Not sure that need not to let people down ever quite goes away.  (Myself?  See above.)  We are loathe to say no.  (And, as we’ve noted before, damn quick to apologize.)  Is it a question of self-worth?  That we still see ourselves as not worthy? This gets compounded when we get into the real world of work by the fact that we’re so new to the game that, when we get invited to the table, we end up feeling grateful.  Take the case of a woman we met after a speech we gave at a conference not long ago.  She came up to us afterward and told us that the president of her company had called her during the middle of the previous day’s session and offered her a new position, with a new title and a bump in salary.  The call took her by surprise, she said yes, and the call ended.  Bang. But what she said to us a day later was this: shouldn’t she have negotiated her salary?  Wouldn’t a man have done that?

Shouldn’t she have made the big ask?  Probably, yes.

Maybe it’s we haven’t yet learned that it’s okay to be ourselves.  To be true to our very own wants and needs. To be authentic. To ditch what we call the iconic self. To live up to no one’s expectations but our own. And sometimes that means to, well, just say no.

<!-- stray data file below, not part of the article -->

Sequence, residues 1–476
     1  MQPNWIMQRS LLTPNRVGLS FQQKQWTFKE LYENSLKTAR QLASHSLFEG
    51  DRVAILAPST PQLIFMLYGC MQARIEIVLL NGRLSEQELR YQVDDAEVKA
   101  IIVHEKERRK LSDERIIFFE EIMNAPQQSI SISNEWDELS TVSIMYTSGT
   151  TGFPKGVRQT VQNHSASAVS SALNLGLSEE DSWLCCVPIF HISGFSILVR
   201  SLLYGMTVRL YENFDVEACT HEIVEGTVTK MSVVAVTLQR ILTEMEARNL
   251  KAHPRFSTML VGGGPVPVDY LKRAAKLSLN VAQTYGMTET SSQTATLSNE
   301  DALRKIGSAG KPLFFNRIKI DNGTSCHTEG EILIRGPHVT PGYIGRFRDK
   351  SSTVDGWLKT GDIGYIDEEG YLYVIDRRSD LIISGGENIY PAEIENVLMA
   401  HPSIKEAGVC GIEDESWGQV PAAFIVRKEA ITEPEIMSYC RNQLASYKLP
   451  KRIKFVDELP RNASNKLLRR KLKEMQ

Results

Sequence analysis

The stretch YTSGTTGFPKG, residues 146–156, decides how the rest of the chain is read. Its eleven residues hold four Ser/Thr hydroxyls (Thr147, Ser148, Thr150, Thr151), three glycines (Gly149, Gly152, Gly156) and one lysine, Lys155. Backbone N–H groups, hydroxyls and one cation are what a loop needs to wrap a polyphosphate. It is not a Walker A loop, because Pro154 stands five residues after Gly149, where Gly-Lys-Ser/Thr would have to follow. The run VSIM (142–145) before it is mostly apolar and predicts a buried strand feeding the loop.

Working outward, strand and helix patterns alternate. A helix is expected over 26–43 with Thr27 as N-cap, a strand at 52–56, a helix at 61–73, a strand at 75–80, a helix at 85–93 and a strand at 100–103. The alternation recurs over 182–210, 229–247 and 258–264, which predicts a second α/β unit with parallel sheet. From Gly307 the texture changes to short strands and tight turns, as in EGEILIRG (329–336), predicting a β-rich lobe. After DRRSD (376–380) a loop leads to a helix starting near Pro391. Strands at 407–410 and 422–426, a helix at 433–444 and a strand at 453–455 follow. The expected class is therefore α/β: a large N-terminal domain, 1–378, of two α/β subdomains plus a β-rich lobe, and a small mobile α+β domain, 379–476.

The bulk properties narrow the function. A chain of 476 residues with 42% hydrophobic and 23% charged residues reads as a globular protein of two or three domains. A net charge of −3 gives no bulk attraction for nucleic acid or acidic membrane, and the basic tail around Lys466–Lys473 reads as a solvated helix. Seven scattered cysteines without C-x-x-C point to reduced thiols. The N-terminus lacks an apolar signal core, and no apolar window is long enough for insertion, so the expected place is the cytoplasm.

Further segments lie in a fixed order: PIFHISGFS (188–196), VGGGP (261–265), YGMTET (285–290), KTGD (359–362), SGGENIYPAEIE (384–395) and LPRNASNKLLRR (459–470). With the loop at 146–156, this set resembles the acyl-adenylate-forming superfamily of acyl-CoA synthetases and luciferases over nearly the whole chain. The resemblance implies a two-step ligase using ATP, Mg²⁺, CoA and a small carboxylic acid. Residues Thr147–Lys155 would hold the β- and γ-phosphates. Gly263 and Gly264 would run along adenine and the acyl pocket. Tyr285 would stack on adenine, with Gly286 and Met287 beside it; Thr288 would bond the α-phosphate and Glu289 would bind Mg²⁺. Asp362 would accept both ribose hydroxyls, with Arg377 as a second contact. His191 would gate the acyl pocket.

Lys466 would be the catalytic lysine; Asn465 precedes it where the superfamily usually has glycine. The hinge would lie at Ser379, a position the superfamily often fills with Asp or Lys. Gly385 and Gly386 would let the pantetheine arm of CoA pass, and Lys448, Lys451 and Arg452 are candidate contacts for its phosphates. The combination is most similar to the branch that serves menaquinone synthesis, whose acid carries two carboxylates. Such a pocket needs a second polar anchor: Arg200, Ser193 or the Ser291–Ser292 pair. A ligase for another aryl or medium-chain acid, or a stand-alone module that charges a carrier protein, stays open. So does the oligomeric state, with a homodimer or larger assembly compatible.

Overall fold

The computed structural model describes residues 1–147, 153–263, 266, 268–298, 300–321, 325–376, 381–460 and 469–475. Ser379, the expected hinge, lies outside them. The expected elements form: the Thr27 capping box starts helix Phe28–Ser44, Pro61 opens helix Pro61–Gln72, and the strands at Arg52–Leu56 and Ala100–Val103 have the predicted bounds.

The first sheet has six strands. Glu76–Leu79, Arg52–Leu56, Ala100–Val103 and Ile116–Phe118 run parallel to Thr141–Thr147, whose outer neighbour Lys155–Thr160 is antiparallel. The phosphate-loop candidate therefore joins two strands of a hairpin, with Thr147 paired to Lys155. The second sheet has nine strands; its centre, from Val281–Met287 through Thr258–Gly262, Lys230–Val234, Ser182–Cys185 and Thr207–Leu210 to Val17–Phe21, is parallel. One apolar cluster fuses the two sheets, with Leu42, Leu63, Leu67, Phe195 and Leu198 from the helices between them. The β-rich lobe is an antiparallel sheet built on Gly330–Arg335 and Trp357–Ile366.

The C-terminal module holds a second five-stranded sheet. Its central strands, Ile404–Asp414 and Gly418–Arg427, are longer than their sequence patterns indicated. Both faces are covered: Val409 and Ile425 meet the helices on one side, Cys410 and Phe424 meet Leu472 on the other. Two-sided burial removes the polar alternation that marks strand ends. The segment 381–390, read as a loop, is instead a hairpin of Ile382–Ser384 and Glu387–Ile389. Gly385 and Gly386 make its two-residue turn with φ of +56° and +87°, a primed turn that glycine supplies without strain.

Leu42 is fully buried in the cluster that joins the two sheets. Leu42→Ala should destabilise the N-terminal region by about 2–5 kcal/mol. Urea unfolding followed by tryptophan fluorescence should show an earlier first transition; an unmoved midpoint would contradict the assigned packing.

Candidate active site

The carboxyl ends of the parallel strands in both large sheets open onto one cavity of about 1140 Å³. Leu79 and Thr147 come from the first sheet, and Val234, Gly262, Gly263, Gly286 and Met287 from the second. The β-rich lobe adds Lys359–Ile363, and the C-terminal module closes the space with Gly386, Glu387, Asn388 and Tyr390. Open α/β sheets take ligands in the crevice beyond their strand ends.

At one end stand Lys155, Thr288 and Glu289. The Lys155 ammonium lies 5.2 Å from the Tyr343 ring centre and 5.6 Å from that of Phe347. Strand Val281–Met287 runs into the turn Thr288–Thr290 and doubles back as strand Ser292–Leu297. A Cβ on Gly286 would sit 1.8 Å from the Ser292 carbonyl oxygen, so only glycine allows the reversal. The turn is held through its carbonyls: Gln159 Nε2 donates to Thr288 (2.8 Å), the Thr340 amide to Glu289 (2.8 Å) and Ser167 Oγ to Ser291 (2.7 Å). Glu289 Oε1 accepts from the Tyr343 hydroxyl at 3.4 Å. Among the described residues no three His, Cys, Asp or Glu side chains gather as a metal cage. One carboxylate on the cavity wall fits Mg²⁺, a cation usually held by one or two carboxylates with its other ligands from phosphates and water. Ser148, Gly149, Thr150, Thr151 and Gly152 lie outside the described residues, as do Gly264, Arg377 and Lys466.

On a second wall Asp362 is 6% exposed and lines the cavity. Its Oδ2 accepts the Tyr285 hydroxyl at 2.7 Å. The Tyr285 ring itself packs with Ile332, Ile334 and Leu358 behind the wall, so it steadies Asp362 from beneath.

But what the hell do I know.  Here I sit, eating my dinner (burned the crap out of the organic carrots, by the way), finishing this post.  I’d have another glass of wine but, you know, tomorrow is a big day.

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So, the Mommy Wars. They’re back. Again. Or still.

A superquick recap: As you’ve undoubtedly heard by now, last week Democratic strategist Hilary Rosen said on CNN that Republican Presidential hopeful Mitt Romney’s wife Ann, a stay at home mom, had “never worked a day in her life.” Naturally the Romney campaign latched on to that one with the sort of ferocity that would make a pitbull (lipstick-wearing or not) proud, and the media has been all over it since.

While “Can’t we all just get along?” is my immediate, reflexive thought in the face of such firestorms, I realize that it’s just not that simple–and that, as Salon’s Mary Elizabeth Williams recently wrote, The Mommy Wars are real. In her smart and honest piece, Williams writes of her experience having a foot in both worlds–she’s a mom and a freelance writer who works from home. Here’s a taste: